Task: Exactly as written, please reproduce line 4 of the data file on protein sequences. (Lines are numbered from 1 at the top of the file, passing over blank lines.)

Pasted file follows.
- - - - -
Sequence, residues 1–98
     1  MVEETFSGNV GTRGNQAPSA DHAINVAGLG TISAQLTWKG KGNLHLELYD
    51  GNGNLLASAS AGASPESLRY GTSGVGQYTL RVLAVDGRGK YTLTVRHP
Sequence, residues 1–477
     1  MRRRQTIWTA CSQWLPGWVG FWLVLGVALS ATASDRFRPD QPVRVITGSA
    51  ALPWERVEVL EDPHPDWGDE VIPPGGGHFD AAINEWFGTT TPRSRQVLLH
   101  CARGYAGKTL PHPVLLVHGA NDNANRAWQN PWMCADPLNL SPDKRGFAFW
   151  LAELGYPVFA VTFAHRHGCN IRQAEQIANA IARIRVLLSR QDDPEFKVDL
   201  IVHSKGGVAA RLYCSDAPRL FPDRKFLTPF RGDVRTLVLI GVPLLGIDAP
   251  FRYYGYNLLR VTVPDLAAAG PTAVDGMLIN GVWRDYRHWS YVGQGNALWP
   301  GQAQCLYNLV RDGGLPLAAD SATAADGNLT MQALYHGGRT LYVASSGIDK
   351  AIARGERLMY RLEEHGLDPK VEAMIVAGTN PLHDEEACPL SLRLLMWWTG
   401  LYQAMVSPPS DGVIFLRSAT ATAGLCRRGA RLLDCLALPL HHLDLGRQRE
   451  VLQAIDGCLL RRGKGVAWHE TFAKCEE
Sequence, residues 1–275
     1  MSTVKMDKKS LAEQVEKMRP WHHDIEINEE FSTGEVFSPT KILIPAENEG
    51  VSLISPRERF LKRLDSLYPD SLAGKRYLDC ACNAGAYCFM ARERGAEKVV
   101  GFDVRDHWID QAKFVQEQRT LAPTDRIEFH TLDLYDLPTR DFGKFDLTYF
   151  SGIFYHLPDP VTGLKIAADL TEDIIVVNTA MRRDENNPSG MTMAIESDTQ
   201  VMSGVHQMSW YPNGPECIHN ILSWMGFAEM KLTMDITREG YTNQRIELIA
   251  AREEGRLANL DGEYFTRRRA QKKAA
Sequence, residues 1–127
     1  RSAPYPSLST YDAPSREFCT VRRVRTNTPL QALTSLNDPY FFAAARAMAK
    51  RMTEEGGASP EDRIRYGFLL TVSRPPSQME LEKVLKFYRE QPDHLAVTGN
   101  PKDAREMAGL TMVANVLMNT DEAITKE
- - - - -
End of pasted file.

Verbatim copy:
Sequence, residues 1–477